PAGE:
, 2nd Edition,
provides a developer-level introduction along with the more
originated and evolved into what it is today. A detailed discussion
with specific focus on standards such as ECMAScript and the
implementations used in different popular web browsers are also
Building on that base, the book moves on to cover basic concepts
inheritance, and its use in various markup languages such as HTML.
An in-depth examination of events and event handling is followed by
an exploration of browser detection techniques and a guide to using
knowledge and applies it to creating dynamic user interfaces.
The last part of the book is focused on advanced topics,
including performance/memory optimization, best practices, and a
This book is aimed at three groups of readers:
- Experienced developers familiar with object-oriented
traditional OO languages such as Java and C++
- Web application developers attempting to enhance the usability
of their web sites and web applications
In addition, familiarity with the following related technologies
is a strong indicator that this book is for you:
This book is not aimed at beginners who lack a basic computer
science background or those looking to add some simple user
interactions to web sites. These readers should instead refer to
This book covers:
today. Concepts introduced include the relationship between
Browser Object Model (BOM). A discussion of the relevant standards
from the European Computer Manufacturer’s Association (ECMA)
and the World Wide Web Consortium (W3C) is also included.
in conjunction with HTML to create dynamic web pages. Introduces
relationship to the element.
- Language Basics—Introduces basic language
concepts, including syntax and flow control statements. Explains
languages and points out the differences. Type coercion is
introduced as it relates to built-in operators.
- Variables, Scope, and Memory—Explores how
nature. A discussion about the differences between primitive and
reference values is included, as is information about execution
context as it relates to variables. Also, a discussion about
when variables go out of scope.
- Reference Types—Covers all of the details
Object and Array. Each reference type described in
ECMA-262 is discussed both in theory and how they relate to browser
- Object-Oriented Programming—Explains how to use
concept of classes, several popular techniques are explored for
object creation and inheritance. Also covered is the concept of
function prototypes and how that relates to an overall OO
- Anonymous Functions—Explores one of the most
closures, how the this object works, the module pattern, and
creating private object members.
- The Browser Object Model—Introduces the Browser
Object Model (BOM), which is responsible for objects allowing
interaction with the browser itself. Each of the BOM objects is
covered, including window, document, location,
navigator, and screen.
- Client Detection—Explains various approaches to
detecting the client machine and its capabilities. Different
techniques include capability detection and user-agent string
detection. Each approach is discussed for pros and cons as well as
- The Document Object Model—Introduces the Document
DOM Level 1. A brief introduction to XML and its relationship to
the DOM gives way to an in-depth exploration of the entire DOM and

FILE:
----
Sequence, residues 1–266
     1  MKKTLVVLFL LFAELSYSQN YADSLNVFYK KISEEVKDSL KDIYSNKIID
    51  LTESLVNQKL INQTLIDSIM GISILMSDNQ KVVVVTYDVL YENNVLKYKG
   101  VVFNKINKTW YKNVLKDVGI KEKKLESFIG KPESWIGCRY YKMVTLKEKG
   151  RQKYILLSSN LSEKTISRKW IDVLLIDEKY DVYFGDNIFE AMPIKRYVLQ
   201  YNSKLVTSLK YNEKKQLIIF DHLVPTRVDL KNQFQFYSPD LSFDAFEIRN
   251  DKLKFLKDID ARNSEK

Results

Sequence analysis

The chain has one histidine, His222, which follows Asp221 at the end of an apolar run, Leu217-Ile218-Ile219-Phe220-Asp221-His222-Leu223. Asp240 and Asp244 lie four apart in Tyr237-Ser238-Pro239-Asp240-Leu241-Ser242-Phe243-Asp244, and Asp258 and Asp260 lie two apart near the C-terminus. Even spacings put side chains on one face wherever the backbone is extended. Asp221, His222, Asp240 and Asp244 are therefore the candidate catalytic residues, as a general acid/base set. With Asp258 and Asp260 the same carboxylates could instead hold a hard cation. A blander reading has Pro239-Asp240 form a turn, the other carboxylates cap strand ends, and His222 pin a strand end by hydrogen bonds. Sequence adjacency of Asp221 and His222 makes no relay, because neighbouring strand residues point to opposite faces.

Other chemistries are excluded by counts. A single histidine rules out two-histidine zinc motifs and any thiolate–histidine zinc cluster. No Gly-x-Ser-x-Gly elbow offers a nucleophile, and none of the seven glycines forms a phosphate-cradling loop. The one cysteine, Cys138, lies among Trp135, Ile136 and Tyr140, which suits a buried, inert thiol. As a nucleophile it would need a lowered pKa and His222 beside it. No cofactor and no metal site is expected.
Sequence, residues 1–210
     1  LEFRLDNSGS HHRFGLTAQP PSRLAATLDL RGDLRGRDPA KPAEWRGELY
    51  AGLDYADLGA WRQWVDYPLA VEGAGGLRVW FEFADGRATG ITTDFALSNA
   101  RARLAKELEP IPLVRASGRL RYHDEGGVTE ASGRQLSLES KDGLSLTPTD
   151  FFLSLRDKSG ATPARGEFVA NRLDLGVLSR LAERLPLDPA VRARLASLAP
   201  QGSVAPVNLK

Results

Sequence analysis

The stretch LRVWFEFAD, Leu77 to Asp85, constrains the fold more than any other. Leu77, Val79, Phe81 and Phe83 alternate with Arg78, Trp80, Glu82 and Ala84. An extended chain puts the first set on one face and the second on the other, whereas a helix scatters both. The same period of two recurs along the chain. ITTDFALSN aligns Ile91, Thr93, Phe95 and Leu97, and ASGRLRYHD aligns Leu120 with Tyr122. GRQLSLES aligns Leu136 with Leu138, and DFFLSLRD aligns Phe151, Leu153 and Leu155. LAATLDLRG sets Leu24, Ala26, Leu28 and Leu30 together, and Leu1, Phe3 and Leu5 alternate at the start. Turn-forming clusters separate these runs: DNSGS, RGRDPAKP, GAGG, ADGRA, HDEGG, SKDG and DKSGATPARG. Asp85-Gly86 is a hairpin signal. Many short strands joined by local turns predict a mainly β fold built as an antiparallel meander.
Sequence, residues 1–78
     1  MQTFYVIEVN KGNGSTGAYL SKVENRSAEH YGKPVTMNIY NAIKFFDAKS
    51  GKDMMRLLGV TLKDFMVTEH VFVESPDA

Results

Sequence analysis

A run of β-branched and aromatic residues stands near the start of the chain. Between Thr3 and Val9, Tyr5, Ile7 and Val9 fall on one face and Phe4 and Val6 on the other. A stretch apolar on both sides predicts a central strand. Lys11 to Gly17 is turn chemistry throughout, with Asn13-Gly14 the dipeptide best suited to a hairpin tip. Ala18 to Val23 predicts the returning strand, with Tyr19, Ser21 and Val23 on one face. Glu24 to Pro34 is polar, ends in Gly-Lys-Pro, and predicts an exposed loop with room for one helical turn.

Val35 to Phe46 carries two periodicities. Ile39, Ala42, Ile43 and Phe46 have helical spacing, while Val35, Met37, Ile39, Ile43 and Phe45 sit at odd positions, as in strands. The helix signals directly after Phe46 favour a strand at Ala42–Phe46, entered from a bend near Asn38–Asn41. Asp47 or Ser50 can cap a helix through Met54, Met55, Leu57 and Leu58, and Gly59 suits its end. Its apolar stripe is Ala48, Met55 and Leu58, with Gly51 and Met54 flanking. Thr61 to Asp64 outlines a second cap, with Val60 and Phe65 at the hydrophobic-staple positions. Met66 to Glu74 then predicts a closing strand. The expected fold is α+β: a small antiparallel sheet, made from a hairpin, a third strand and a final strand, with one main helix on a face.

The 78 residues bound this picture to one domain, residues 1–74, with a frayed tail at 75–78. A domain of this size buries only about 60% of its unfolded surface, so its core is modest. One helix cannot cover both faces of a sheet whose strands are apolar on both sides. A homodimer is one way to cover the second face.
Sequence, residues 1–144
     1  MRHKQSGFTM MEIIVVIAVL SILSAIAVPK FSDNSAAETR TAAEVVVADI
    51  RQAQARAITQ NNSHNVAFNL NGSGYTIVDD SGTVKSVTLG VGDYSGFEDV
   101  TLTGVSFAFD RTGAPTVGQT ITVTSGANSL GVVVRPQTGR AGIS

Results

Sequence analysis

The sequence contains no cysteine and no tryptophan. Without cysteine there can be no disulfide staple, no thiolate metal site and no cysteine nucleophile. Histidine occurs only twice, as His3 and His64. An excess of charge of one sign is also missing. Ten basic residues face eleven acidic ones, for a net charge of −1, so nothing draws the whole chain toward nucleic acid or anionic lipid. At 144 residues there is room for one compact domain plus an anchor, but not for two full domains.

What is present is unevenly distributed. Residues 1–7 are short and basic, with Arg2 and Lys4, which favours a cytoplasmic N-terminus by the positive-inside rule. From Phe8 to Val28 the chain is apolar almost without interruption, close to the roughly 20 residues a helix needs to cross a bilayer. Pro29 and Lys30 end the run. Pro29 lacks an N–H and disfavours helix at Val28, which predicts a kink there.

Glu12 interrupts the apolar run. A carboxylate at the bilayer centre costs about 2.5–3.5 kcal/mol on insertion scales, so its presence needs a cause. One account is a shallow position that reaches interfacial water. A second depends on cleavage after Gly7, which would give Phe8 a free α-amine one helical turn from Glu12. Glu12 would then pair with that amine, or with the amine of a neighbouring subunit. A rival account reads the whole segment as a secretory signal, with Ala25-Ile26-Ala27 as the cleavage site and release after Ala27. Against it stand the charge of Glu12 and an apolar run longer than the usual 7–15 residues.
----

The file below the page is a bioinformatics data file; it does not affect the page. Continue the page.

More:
how it allows developers to manipulate a page.
- DOM Levels 2 and 3 Explains how DOM Levels 2 and 3
augmented the DOM with additional properties, methods, and objects.
Compatibility issues between Internet Explorer and other browsers
- Events—Explains the nature of events in
redefined how events should work. A variety of devices are covered,
including the Wii and iPhone.
enhance form interactions and work around browser limitations.
Discussion focuses on individual form elements such as text boxes
and select boxes and on data validation and manipulation.
- Error Handling and Debugging—Discusses how
to handle errors. Debugging tools and techniques are also discussed
for each browser, including recommendations for simplifying the
(XML) data. Explains the differences in support and objects in
various web browsers, and offers suggestions for easier
cross-browser coding. This also covers the use of eXtensible
Stylesheet Language Transformations (XSLT) to transform XML data on
- ECMAScript for XML—Discusses the ECMAScript for
working with XML. Explains the advantages of E4X over using the DOM
for XML manipulation.
- Ajax and JSON—Looks at common Ajax techniques,
including the use of the XMLHttpRequest object and Internet
Explorer's XDomainRequest object for cross-domain Ajax.
Explains the differences in browser implementations and support as
well as recommendations for usage.
- Advanced Techniques—Dives into some of the more
function application, and dynamic functions. Also covers creating a
custom event framework to enable simple event support for custom
- Client-Side Storage—Discusses the various
techniques for storing data on the client machine. Begins with a
discussion of the most commonly supported feature, cookies, and
then discusses newer functionality such as DOM storage.
- Best Practices—Explores approaches to working with
maintainability are discussed, including coding techniques,
formatting, and general programming practices. Execution
performance is discussed and several techniques for speed
optimization are introduced. Last, deployment issues are discussed,
including how to create a build process.
- Upcoming APIs—Introduces APIs being created to
yet complete or fully implemented, they are on the horizon and
browsers have already begun partially implementing their features.
Includes the Selectors API and HTML 5.
ECMAScript 4, and ECMAScript Harmony are discussed.